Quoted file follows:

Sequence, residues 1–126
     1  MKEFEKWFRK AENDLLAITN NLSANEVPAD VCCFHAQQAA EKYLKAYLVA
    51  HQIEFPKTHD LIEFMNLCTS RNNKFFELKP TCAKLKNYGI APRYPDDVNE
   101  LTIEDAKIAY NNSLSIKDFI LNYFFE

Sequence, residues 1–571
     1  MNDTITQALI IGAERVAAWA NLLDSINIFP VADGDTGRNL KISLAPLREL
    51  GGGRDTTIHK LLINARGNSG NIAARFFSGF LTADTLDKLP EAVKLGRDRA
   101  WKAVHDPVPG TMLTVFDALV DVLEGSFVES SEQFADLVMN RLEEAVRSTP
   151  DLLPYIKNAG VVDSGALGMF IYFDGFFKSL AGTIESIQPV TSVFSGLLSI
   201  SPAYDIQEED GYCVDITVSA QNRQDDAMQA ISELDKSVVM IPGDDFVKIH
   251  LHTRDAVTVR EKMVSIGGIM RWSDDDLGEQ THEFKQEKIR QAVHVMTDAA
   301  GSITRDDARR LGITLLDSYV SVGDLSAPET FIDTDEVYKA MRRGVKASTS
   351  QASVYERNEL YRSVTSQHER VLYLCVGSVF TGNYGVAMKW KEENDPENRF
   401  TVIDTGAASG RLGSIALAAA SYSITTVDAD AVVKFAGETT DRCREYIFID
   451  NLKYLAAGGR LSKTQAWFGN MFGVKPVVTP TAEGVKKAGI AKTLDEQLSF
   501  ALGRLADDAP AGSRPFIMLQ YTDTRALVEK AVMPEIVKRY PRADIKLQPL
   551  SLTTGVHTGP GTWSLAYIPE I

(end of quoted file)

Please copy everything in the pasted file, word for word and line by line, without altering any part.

Sequence, residues 1–126
     1  MKEFEKWFRK AENDLLAITN NLSANEVPAD VCCFHAQQAA EKYLKAYLVA
    51  HQIEFPKTHD LIEFMNLCTS RNNKFFELKP TCAKLKNYGI APRYPDDVNE
   101  LTIEDAKIAY NNSLSIKDFI LNYFFE

Sequence, residues 1–571
     1  MNDTITQALI IGAERVAAWA NLLDSINIFP VADGDTGRNL KISLAPLREL
    51  GGGRDTTIHK LLINARGNSG NIAARFFSGF LTADTLDKLP EAVKLGRDRA
   101  WKAVHDPVPG TMLTVFDALV DVLEGSFVES SEQFADLVMN RLEEAVRSTP
   151  DLLPYIKNAG VVDSGALGMF IYFDGFFKSL AGTIESIQPV TSVFSGLLSI
   201  SPAYDIQEED GYCVDITVSA QNRQDDAMQA ISELDKSVVM IPGDDFVKIH
   251  LHTRDAVTVR EKMVSIGGIM RWSDDDLGEQ THEFKQEKIR QAVHVMTDAA
   301  GSITRDDARR LGITLLDSYV SVGDLSAPET FIDTDEVYKA MRRGVKASTS
   351  QASVYERNEL YRSVTSQHER VLYLCVGSVF TGNYGVAMKW KEENDPENRF
   401  TVIDTGAASG RLGSIALAAA SYSITTVDAD AVVKFAGETT DRCREYIFID
   451  NLKYLAAGGR LSKTQAWFGN MFGVKPVVTP TAEGVKKAGI AKTLDEQLSF
   501  ALGRLADDAP AGSRPFIMLQ YTDTRALVEK AVMPEIVKRY PRADIKLQPL
   551  SLTTGVHTGP GTWSLAYIPE I